John McManus: Why we have no right to spend Apple’s €13bn

The money does not belong to us and we should give it back to its owners

One thing that seems to be taken for granted in the debate about what to do about with the putative Apple windfall is that the €13 billion in question is our money and we are entitled to it.

The whole thing is increasingly being framed as Ireland facing a profound choice. Do we keep faith with Apple and appeal the decision, or do we take the money the European Commission says its owes us and spend it on roads, schools and hospitals?

Cabinet members are split on the issue and the Opposition is happily holding their feet to their fire, calling for them to do what is right and fair in their view: take the money and run.

Fairness and money do not make for easy bedfellows. In the case of Ireland and Apple’s €13 billion, combining them does not really result in the outcome the Opposition – or Government – is looking for.


Applying a test based on fairness actually makes a nonsense of the idea that we face some sort of existential moment, torn between what is expedient and what is just. Instead it makes it clear that the €13 billion is not our money at all and we have no right to spend a penny of it. We should in fact give it back, but not to Apple. It is not Apple’s money either.

If the €13 billion belongs to anyone, it is the citizens of the dozens of countries from which Apple sucked cash into Ireland in order to avoid paying tax. Likewise, a significant portion of it belongs to the citizens of the United States.

Offshore and untaxed

The European Commission made this abundantly clear on Tuesday when it very neatly explained the mechanism used by Apple to avoid tax. Profits from the sale of Apple products across


, the Middle East and


were sucked into an Irish company.

The Irish authorities agreed to a scheme where only the minuscule portion of that money which related to the sale of Apple products in Ireland would be taxed. Some of the money was sent back to the US as payment for research (and was ultimately taxed in the US in some fashion) but the vast bulk remained offshore and untaxed.

The commission is in no doubt this structure was illegal. It believes the profits should have been taxed in the countries in which they were made (the big EU economies funnily enough) and the balance sent back to the US and taxed there.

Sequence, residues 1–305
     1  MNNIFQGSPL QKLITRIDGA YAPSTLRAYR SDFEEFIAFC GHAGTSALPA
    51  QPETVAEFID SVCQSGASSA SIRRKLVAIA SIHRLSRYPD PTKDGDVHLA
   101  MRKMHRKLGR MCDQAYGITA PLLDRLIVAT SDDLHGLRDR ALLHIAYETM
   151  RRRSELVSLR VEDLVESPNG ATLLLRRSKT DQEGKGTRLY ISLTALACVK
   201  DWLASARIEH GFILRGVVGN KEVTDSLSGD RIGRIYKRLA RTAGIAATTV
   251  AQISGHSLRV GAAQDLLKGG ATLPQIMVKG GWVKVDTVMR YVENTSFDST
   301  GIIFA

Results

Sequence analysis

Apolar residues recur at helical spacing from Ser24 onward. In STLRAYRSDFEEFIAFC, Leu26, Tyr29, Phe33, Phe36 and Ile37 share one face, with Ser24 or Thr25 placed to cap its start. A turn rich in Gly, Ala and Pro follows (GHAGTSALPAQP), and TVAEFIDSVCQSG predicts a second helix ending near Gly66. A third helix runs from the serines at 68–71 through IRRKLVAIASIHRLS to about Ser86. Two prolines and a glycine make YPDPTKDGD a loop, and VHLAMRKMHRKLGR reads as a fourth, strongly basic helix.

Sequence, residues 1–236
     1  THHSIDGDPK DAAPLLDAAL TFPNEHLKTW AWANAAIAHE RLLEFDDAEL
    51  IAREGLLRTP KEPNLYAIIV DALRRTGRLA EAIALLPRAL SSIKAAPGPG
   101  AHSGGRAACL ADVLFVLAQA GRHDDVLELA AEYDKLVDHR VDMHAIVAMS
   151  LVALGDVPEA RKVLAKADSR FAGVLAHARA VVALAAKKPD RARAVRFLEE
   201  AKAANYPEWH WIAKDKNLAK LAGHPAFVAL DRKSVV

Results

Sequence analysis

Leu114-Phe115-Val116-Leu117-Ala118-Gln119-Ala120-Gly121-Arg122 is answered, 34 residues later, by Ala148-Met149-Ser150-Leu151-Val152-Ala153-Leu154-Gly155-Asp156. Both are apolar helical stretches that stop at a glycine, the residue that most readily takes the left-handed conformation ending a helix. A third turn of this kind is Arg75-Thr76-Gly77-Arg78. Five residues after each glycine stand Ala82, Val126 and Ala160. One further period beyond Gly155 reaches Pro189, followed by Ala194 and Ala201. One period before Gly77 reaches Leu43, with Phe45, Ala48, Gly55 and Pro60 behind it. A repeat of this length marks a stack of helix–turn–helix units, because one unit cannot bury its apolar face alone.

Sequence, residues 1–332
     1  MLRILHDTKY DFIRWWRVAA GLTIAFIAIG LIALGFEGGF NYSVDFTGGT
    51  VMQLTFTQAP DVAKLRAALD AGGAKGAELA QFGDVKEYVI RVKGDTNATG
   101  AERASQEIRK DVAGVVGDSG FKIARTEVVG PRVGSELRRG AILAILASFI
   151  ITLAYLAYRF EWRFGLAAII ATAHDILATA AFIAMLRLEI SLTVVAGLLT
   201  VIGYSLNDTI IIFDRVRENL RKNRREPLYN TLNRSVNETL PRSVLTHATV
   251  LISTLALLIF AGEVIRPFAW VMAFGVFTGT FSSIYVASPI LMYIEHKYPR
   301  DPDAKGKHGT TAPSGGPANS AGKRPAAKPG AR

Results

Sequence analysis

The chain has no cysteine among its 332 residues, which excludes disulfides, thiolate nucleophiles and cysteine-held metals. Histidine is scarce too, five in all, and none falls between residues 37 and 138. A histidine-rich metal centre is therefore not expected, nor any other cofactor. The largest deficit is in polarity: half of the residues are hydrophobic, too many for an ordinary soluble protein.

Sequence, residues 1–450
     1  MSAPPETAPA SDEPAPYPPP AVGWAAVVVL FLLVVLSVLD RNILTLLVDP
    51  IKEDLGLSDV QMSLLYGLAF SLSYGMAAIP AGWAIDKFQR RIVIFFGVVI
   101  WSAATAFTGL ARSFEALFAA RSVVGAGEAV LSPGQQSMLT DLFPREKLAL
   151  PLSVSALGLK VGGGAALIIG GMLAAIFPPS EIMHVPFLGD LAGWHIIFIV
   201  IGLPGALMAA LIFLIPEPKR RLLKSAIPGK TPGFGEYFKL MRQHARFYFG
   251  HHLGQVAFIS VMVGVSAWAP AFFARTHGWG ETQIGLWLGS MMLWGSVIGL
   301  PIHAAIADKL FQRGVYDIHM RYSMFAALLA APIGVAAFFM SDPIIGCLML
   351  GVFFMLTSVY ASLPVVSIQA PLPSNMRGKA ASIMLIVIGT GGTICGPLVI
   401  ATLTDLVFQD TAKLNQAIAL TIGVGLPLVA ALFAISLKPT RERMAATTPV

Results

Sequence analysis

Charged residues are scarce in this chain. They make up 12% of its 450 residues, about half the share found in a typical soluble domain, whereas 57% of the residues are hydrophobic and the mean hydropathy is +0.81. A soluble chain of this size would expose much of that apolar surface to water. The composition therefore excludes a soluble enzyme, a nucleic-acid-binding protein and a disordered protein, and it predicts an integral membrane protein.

Commissioner Margrethe Vestager went out of her way on Tuesday to encourage other countries and the US to try and recoup the tax. She said any tax they could recoup will come out of the €13 billion "due" to Ireland, implying it was really owed to them.

Even if the US or any other country wanted to go down this road, there is no certainty they would be successful and it would involve ripping up the rules to which governments and multinationals adhere. The €13 billion could be stuck in limbo for a decade as legal action piled up on legal action.

Nine-tenths of law

But the import of what Vestager is saying is clear. Ireland has got lucky. The music has stopped and we are left holding the Apple tax parcel.

It is not our money but we are in possession and that, as the old saying goes, is nine-tenths of the law.

But that does not belie the fact that it is not our money and if we really wanted to do the right thing, we should give the money back to the countries where the tax should have been paid in the first place and to the US where Apple is based.

We won’t. And nobody expects us to.

But the argument is liberating. It means that politicians can stop pretending they are trying to do the right thing, which is frankly always a little bit nauseating.

Basically it is wrong for us to use other people’s taxes to pay for our roads, schools and hospitals. It is not our money. It is also wrong for us to do our very best to help Apple hang on to it by challenging the European Commission.

Neither course of action even comes close to being the the right thing to do; they are just different versions of the wrong thing. The decision we face is essentially which of these wrong things is in our best interest.

But if you were looking for a distorted moral compass to guide you through this question, it is probably the maxim of the “honest” politician: once you are bought, you stay bought.